10 Things I Hate About Where I Live

Corn-field

My husband and I thought we’d made a great decision when we first moved from Texas to Iowa in 2016. Before too long though, we realized we’d made a very expensive and inconvenient mistake. In this post, I’m sharing 1o things I hate about where I live (although I no longer live there – yay!), along with helpful takeaways to help shed some light on how you can be sure you move to a place that you love.

Whether or not we like a place is purely subjective. It’s a lot like our tastes in food. Let’s say you like asparagus. Most likely you’re not going to take offense if I tell you I don’t like asparagus. Yet, people often take it personally when they learn you don’t share the same love as they do for a place. (Especially if you think the place sucks!)

So, what 10 things do I hate about where I live – or, rather, where I USED to live? Read on to find out!

Conformity reigns supreme

We lived in a farming town of about 7,300 people. It’s not what you think of when you think of a suburb, but it had this odd suburban Stepford Wives air about it. Everyone was super Type-A about their lawns. The minute the grass reached 1 inch, people were out mowing. When it snowed, people started shoveling their sidewalk before the snow even stopped. Not only that, people narced out neighbors who didn’t keep their front porch tidy or mow their grass enough. The city actually fined these people for their “offenses.” Every place has its quirks, but they aren’t always compatible with how we want to live.

Takeaway: By allowing ample time for your scouting visit, you can better gauge whether a prospective location has any annoying peccadillos.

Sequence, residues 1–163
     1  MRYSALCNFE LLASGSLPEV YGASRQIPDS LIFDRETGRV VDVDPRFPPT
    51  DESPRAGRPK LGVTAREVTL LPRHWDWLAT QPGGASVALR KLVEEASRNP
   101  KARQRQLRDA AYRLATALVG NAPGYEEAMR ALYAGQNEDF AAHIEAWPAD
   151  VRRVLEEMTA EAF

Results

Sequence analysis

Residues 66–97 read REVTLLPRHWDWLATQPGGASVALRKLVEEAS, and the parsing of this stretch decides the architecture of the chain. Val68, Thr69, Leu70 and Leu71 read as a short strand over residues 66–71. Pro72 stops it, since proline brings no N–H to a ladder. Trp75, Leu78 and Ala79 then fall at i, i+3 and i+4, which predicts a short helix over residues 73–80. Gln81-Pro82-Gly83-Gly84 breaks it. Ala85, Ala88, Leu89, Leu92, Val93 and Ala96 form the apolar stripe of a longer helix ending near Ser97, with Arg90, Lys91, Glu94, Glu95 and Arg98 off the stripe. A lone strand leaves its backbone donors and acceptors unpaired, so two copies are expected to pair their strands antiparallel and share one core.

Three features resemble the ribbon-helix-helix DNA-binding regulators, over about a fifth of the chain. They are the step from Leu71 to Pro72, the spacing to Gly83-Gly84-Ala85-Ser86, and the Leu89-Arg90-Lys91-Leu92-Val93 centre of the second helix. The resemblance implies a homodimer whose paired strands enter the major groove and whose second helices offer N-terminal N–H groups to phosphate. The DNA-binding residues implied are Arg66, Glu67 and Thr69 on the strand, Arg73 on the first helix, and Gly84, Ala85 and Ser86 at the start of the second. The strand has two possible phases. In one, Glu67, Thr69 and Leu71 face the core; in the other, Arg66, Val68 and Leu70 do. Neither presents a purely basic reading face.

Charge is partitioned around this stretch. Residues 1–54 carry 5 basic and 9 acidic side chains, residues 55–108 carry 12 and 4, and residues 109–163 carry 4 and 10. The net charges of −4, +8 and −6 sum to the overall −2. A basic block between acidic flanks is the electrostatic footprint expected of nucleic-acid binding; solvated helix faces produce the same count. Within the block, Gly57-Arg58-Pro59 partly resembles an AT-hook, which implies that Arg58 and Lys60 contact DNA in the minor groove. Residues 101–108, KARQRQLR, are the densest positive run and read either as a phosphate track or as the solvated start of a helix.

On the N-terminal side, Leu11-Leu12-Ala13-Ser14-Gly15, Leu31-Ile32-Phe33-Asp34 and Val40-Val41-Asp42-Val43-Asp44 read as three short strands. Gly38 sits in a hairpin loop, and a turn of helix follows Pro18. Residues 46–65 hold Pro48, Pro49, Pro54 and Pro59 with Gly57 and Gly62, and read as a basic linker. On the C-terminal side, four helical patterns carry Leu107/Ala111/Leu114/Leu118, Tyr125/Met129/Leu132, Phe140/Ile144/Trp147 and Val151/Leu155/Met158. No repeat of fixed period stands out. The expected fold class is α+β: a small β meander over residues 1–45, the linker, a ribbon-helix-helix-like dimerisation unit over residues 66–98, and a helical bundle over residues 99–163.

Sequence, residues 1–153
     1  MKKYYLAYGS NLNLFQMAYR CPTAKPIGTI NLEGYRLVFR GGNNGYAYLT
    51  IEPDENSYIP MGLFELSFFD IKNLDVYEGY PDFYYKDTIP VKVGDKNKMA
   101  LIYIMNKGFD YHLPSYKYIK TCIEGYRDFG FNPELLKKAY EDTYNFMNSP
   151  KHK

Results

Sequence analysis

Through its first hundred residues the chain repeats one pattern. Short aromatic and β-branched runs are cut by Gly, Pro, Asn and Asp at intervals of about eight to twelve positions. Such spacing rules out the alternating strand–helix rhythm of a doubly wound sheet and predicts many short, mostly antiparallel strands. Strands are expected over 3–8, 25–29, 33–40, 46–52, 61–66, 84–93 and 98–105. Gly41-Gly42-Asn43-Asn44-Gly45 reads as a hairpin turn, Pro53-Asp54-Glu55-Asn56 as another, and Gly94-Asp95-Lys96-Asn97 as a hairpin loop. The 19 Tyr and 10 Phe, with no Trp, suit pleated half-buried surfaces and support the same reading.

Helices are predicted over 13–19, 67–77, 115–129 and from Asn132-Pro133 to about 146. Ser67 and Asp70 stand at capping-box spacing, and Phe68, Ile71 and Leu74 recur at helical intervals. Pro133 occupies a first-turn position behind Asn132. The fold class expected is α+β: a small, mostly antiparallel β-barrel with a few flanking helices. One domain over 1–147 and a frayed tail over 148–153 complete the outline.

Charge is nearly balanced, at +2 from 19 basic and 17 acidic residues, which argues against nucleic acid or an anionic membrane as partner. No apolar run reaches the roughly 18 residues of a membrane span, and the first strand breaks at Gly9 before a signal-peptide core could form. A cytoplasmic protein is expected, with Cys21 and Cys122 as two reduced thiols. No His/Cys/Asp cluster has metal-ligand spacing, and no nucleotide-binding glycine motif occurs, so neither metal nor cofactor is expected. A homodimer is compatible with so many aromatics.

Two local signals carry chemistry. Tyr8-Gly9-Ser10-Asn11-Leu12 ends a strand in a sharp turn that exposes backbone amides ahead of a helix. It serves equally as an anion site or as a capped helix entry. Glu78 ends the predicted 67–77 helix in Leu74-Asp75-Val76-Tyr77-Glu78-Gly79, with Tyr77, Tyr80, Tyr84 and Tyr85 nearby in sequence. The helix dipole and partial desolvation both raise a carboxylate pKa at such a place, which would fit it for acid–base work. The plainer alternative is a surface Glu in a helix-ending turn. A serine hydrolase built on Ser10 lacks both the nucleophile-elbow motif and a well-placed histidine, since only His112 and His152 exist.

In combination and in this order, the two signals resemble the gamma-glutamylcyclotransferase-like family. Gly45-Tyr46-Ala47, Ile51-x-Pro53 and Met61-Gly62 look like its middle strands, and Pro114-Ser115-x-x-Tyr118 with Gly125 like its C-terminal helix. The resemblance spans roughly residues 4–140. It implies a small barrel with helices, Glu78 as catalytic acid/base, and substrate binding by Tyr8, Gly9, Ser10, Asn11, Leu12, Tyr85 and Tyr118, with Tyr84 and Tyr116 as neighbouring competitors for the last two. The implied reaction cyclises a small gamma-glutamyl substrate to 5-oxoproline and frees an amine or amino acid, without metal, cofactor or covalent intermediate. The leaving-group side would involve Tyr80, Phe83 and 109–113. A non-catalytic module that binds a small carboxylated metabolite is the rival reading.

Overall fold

Dumb and unnecessarily punitive laws

I had no idea Iowa had so many ass-backwards laws. The state and its cities treat private property as if it was public property–except when it doesn’t work to their financial advantage. I’m talking specifically about sidewalks. I had never lived anywhere that considered the sidewalk in front of my house private property. But, Iowa considers city sidewalks 100% private in the wintertime and 50% private the rest of the time. In the wintertime, residents must clear the sidewalks within 24 hours of the snow stopping or pay a fine. And if the sidewalk in front of your house needs to be repaired, guess who gets to pay half the cost? You guessed it – the homeowner!

Takeaway: Research homeowner’s laws to make sure you don’t encounter any unwelcome surprises once you move to a new location.

Distance to the nearest city-ish place

Iowa is a rural state, so most people don’t think twice about driving 100 miles one-way. That’s why we got a lot of rolled eyes when we complained about having to drive 30 miles one way to Iowa City every week. But when you’ve spent most of your life in a place where you can drive or walk 5 minutes to get anything, spending the better part of a day running errands gets to be a real pain in the ass. I know I sound wimpy, but who cares. I don’t ever want to live outside a city again.

Takeaway: Be realistic about what you are, and are not, willing to live with.

Community planning? What’s that?

The town we lived in was not “booming” by any stretch of the imagination. The population remained mostly flat over 30 years. The lack of anything in that town meant housing was reasonably affordable. The few people who did move to that town did so because they were priced out by high housing costs in Iowa City.  Why, then, did a couple of developers decide–and why did city officials agree–that this was a prime location to build four “trendy” $200,000 Pennsylvania House Town Home townhouses?

That’s not all, though. The real head-scratcher is where they chose to build them. The site, which used to have affordable housing on it, backs up against a car wash, sits one block off the railroad tracks, and directly across the street from the Fareway grocery store. The location is much more suited to commercial than residential. What on Earth were they thinking?!

Takeaway: Research how a community manages, or mismanages, growth.

Stingy city officials and their messed-up priorities